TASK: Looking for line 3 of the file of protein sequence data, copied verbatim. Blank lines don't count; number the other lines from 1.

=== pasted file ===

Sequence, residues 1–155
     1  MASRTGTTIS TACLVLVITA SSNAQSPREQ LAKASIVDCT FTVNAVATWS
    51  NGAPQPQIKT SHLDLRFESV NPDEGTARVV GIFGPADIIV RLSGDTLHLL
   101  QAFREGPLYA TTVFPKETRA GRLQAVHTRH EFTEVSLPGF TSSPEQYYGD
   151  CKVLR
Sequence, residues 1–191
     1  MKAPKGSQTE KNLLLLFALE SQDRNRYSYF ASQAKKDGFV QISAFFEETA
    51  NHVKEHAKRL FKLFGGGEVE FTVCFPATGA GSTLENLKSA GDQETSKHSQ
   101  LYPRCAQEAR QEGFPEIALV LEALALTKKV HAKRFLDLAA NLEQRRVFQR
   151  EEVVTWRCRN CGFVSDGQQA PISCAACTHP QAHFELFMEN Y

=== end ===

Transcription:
    51  NGAPQPQIKT SHLDLRFESV NPDEGTARVV GIFGPADIIV RLSGDTLHLL